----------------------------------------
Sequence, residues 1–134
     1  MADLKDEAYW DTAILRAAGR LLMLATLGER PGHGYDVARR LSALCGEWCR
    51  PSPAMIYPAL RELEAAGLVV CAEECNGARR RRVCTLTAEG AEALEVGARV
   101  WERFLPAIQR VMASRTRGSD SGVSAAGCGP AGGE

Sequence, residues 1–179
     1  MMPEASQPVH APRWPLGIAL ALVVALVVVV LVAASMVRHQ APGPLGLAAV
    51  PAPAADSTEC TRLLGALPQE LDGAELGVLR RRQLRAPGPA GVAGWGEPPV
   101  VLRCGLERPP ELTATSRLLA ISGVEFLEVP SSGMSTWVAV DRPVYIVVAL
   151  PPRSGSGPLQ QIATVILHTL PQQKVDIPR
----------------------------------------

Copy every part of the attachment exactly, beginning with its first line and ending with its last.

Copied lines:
Sequence, residues 1–134
     1  MADLKDEAYW DTAILRAAGR LLMLATLGER PGHGYDVARR LSALCGEWCR
    51  PSPAMIYPAL RELEAAGLVV CAEECNGARR RRVCTLTAEG AEALEVGARV
   101  WERFLPAIQR VMASRTRGSD SGVSAAGCGP AGGE

Sequence, residues 1–179
     1  MMPEASQPVH APRWPLGIAL ALVVALVVVV LVAASMVRHQ APGPLGLAAV
    51  PAPAADSTEC TRLLGALPQE LDGAELGVLR RRQLRAPGPA GVAGWGEPPV
   101  VLRCGLERPP ELTATSRLLA ISGVEFLEVP SSGMSTWVAV DRPVYIVVAL
   151  PPRSGSGPLQ QIATVILHTL PQQKVDIPR